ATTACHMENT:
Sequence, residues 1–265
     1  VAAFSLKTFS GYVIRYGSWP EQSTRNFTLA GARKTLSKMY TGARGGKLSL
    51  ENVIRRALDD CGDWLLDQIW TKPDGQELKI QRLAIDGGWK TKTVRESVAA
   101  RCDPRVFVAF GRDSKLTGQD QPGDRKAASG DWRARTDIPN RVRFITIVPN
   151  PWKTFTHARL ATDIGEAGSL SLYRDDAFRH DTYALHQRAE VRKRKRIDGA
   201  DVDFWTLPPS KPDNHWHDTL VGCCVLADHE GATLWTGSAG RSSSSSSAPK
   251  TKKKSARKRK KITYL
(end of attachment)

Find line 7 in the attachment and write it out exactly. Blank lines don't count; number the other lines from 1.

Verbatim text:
   251  TKKKSARKRK KITYL